As for having kids, I had no idea he wouldn’t want them. He was great with other people’s children, and I just assumed he’d be great with ours. Did we talk about it? Nope. He did escort me to the college health clinic to get birth control pills. He did have a supply of condoms on hand. After we were married, his theme song was “not yet.” Turns out he wasn’t big on employment, monogamy or sobriety either, but lest you think he was just a big shit, I loved the guy with all my heart. We had a wonderful time together. The sex was amazing, and we could talk for hours. I thought we’d be married forever.

I thought I’d be a mom, and our parents would be fabulous grandparents. I’d also have the career of my dreams. Like I said, naïve. As the marriage died, we agreed that we could have had a fantastic affair but should never have gotten married.

If I had just said no to sex with Jim or enjoyed the sex but realized I didn’t have to marry him, my life might have been completely different. He would have dumped me, and I might have married someone with a good job, someone who wanted the house and kids, maybe even someone who’d go to church with me. But no. I thought this was it. It didn’t have to be “it.”

I haven’t talked to Jim in over 30 years. I have heard that he remarried two more times and never had any children of his own. I don’t think much about him or our six-year marriage. Fred, who came later, was my real husband. I didn’t have babies with him either, but the love we had was worth it. And we did talk about it.

On that hot day in San Jose when I graduated from San Jose State, I had no idea what was coming. What would I have done if I’d known? Should a person get married two weeks after graduation? I don’t recommend it. Live a bit first. And take time to make sure you have the right partner. Life is not like “The Bachelorette,” where you have to make a decision in 10 weeks. Be sure. And if you’re not sure, don’t do it.

Does this stir any thoughts or memories? I’d love to hear your comments.

Stay in a relationship without kids or go?

Last week we talked about the big gamble. Should you leave a partner who is unable or unwilling to make babies with you in the hope that you can find someone else with whom you can have children? Most of the people who responded had decided to keep what they had. They treasured their relationship enough to work it out. That’s what I did, too.

But that leaves a lot of people still in the gray area.

Ideally, we work these things out before we’ve made the commitment to another person. We discuss it, and if we disagree, we either decide to accept it forever or we walk away. Right? Not always. There’s a third response, the one I made and the one lots of us make. We tell ourselves that he will change his mind, that she will get the urge to have babies, that the physical impediments to conception will miraculously disappear. For those of us raised on fairy tales and Disney movies, it makes sense. If you wish hard enough for something, your dreams always come true in the end. If only real life worked that way.

Back in my mother’s day, kids were part of the package. If you didn’t want to have children, you didn’t get married because marriage meant babies. But nothing is guaranteed anymore. We have to discuss it and be clear on what we want. If a person is unable or unwilling to have children, that’s probably not going to change. Can you live with that?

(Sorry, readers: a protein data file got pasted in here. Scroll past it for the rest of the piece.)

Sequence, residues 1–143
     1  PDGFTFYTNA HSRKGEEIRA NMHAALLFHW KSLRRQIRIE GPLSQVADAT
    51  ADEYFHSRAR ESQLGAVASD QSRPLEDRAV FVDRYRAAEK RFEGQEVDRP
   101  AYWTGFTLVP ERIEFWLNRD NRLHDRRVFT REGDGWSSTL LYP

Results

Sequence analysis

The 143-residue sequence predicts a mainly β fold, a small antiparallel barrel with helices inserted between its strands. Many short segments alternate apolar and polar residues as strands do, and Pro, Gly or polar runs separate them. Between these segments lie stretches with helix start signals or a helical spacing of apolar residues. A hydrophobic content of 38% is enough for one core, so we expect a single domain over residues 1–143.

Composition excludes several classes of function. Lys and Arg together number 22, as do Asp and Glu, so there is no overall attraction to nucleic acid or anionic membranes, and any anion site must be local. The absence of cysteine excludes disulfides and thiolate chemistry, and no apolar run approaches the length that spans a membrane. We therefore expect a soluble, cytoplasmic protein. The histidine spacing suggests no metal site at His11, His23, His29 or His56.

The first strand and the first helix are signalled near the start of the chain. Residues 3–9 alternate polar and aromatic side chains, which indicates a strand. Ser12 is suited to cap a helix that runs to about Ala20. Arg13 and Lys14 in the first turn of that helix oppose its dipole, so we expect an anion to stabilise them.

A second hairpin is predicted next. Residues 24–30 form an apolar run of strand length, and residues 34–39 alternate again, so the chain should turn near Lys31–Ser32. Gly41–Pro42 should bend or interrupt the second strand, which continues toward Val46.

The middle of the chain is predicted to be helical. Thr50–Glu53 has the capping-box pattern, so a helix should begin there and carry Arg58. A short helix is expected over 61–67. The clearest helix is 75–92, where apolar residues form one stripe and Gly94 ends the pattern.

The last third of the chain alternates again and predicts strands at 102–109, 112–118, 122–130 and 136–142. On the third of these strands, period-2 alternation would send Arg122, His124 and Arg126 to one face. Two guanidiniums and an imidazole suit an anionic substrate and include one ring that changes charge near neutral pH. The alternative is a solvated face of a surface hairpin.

Of course many of you are already in the relationship. It’s too late to work it out beforehand. So now what? Ask yourself some questions and try to be honest.

1) Am I happy with my life as it is right now? If nothing changes, can I remain happy with this person?

2) Do I love this person enough to choose him or her over the children I might have had?

3) Will I be devastated if I never have children?

4) Am I will to willing to risk ending up childless and alone–or becoming a single parent?

Tough questions. The hard part is that your answers may change over time. So might your partner’s. But I think we have to assume that things are not going to change, that there will be no miracles, and act accordingly.

I wish none of us had to deal with this, but we do. What do you think about all this? Please share in the comments.

The Big Gamble: Should You End the Relationship to Have Babies?

Should I leave my otherwise good relationship in the hope of finding someone else I can make babies with? That’s the question people ask the most in the comments at this blog. I can’t answer that question. There are so many other questions to be answered first. How bad do you want to have children? Are you 100 percent sure it will never happen in your current relationship? Are you otherwise happy with your partner or would it end between you anyway? What if you never find someone and you end up alone?

I can’t answer any of these questions either. I know what happened with me. The first marriage without children was doomed from the start because my husband cheated on me and the only place we got along was in bed. By the time I got to the second marriage, after a couple more failed relationships, I was sure I was going to spend the rest of my life alone. I wouldn’t even have cats because I was allergic. So when Fred came along, we were such a good match, I accepted that we wouldn’t have children together and was glad to be a pseudo mom with his kids. A close friend has a similar story except that her first husband was abusive. Her second husband, Roy, had three kids, and my friend was content not to have any of her own. But our first marriages were bad to begin with, and not everybody finds a Fred or a Roy.